A huge great white shark made a meal out of a humpback whale and the incident was caught on camera.
The person who filmed the video, a man named Keith Poe, was positioned right next to the humpback whale, which was floating lifelessly on the surface of the ocean.
The shark poked its head up from the water and started to gnaw on the poor whale, tugging on it and thrashing around in the sea as it tries to get a mouthful.
Watch the shocking video here:
The great white was identified as a female, and was said to be tearing chunks off the deceased whale for over 18 hours.
The man behind the camera, Mr Poe, explained the shark ate so much of the whale, ‘she was swimming around upside-down like she was intoxicated’.
Keith, who works as a shark tagger, filmed the video in Dana Point, California.
Explaining his role, Keith said:
I work with many scientists in assisting with tagging sharks, and extracting samples, whatever they need. I tag and release many species of sharks.
The shark tagger’s 25 years of experience in the role means he’s often called out for various situations, including bringing in dead whales out to sea in order to attract the sharks.
Due to the experience I have, I am frequently called out for various situations, and occasionally a dead whale will wash up and I help assist in bringing it out to sea, which gives me the opportunity to attract sharks and tag them.
From his vantage point by the whale, Keith was able to film the great white shark having her meal, explaining how many other sharks also came to feast on the floating animal.
In this particular video this Great White ate off of this whale for 18 hours. I was able to capture many amazing videos and shots during her feast, along with other sharks.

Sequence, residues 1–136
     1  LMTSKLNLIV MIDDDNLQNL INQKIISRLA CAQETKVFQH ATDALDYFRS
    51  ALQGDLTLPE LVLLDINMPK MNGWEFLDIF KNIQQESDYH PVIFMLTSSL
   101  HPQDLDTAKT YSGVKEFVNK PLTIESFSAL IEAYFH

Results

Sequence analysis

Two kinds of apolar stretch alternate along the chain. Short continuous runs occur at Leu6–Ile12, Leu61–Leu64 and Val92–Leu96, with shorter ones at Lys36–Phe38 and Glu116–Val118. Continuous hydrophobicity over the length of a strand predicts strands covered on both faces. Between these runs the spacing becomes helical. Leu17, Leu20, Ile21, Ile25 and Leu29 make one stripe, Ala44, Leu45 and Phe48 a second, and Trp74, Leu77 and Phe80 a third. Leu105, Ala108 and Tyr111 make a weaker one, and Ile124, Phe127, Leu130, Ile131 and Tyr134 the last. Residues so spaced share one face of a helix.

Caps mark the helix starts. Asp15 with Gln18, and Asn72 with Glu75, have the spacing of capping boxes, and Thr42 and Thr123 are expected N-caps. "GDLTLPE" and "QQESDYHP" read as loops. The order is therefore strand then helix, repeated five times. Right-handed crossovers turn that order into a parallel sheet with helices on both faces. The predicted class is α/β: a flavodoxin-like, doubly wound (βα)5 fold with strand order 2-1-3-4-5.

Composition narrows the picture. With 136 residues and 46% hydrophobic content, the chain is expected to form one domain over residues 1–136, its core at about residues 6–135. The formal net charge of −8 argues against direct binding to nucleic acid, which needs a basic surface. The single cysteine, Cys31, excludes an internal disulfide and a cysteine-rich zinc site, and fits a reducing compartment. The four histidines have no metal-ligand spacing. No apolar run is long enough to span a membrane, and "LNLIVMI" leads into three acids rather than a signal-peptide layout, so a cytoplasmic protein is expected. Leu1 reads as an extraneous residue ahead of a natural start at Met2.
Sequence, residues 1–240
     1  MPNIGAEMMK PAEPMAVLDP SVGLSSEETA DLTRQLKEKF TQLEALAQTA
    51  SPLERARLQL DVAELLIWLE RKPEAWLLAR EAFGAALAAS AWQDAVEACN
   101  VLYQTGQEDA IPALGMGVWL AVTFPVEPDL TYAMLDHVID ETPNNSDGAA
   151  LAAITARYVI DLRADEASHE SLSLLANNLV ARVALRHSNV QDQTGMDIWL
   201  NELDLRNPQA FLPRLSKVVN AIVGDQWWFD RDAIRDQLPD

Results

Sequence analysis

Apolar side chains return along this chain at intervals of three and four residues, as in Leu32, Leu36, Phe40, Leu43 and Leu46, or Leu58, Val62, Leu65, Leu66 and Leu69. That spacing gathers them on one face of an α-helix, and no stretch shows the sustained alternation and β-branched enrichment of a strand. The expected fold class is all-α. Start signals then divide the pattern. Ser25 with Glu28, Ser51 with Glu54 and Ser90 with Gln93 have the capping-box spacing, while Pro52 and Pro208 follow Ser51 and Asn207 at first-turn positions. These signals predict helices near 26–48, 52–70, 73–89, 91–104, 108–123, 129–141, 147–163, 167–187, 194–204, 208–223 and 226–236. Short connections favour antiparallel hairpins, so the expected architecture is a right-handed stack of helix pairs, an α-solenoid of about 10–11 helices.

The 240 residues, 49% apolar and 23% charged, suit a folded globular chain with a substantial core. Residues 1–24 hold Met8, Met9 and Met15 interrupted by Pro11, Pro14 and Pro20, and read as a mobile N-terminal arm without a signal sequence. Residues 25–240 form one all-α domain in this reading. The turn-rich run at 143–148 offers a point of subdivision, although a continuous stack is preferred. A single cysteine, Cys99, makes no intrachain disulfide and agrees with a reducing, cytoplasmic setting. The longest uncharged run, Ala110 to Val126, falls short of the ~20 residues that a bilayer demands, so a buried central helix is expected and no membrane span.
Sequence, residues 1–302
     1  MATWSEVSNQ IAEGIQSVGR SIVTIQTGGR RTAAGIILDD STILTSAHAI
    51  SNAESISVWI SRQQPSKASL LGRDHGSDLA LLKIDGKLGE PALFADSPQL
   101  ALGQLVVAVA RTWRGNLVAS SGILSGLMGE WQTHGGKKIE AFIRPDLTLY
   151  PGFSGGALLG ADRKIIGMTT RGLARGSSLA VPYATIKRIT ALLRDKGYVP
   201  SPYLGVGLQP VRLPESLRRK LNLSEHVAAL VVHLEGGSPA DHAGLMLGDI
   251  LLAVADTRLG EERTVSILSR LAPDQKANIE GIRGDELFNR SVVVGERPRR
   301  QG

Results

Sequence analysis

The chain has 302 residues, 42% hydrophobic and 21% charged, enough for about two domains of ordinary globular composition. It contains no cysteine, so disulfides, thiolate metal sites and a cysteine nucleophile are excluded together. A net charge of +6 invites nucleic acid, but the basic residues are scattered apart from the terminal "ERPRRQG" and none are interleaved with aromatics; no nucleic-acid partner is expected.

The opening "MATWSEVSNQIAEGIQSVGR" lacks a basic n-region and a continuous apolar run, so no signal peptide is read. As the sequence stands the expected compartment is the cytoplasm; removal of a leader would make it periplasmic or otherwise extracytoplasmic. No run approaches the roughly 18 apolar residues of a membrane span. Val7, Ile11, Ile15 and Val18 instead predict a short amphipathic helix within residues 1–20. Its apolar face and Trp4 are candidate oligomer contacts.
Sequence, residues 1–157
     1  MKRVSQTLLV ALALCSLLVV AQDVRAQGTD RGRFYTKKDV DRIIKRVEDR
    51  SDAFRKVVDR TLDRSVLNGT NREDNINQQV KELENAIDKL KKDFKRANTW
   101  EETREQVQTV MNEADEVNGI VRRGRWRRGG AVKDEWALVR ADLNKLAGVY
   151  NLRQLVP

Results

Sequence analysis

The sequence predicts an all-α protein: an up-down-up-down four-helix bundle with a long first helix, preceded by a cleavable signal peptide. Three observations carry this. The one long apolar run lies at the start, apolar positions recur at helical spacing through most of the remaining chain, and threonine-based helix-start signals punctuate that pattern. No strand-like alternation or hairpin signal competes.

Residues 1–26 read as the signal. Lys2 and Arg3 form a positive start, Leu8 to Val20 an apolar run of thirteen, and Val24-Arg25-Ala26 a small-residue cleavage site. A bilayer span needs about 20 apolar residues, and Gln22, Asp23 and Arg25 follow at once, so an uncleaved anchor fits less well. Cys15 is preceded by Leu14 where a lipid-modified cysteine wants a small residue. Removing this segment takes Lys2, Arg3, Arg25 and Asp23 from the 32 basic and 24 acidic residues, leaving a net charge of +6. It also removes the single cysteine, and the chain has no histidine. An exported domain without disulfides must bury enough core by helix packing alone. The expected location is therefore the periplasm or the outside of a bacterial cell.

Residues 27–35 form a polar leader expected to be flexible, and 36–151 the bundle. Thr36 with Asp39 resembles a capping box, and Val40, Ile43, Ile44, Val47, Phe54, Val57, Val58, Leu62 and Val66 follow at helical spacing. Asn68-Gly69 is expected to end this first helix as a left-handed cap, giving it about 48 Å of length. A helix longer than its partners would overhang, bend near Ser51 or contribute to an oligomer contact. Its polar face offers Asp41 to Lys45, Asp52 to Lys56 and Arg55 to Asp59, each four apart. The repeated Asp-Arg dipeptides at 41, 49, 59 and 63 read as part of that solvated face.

Keith must be very brave to work as a shark tagger, especially around great whites which are as hungry as the one in the video seemed to be.
Though Keith had his reasons, I don’t necessarily think the whale deserved to be used as bait for the sharks, especially after seeing some of the nice things they do for humans.
An incredible video shows the kind actions of one whale which saved an unsuspecting snorkeler from a lurking tiger shark.
Watch the footage here:
Whale biologist Nan Hauser was out snorkelling with her team close to Muri Beach, Rarotonga, Cook Islands, with no knowledge the 15-foot-long shark was nearby.
Amazingly, the 50,000 pound male humpback whale did what it could to protect Nan, pushing her out of the shark’s way with his head and mouth.
The heroic whale continued to keep Nan safe by tucking her under his enormous pectoral fin, and though the moment wasn’t caught on camera, at one point the humpback reportedly even lifted the biologist out of the water.
The ocean really is an incredible place.
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Emily Brown first began delivering important news stories aged just 13, when she launched her career with a paper round. She graduated with a BA Hons in English Language in the Media from Lancaster University, and went on to become a freelance writer and blogger. Emily contributed to The Sunday Times Travel Magazine and Student Problems before becoming a journalist at UNILAD, where she works on breaking news as well as longer form features.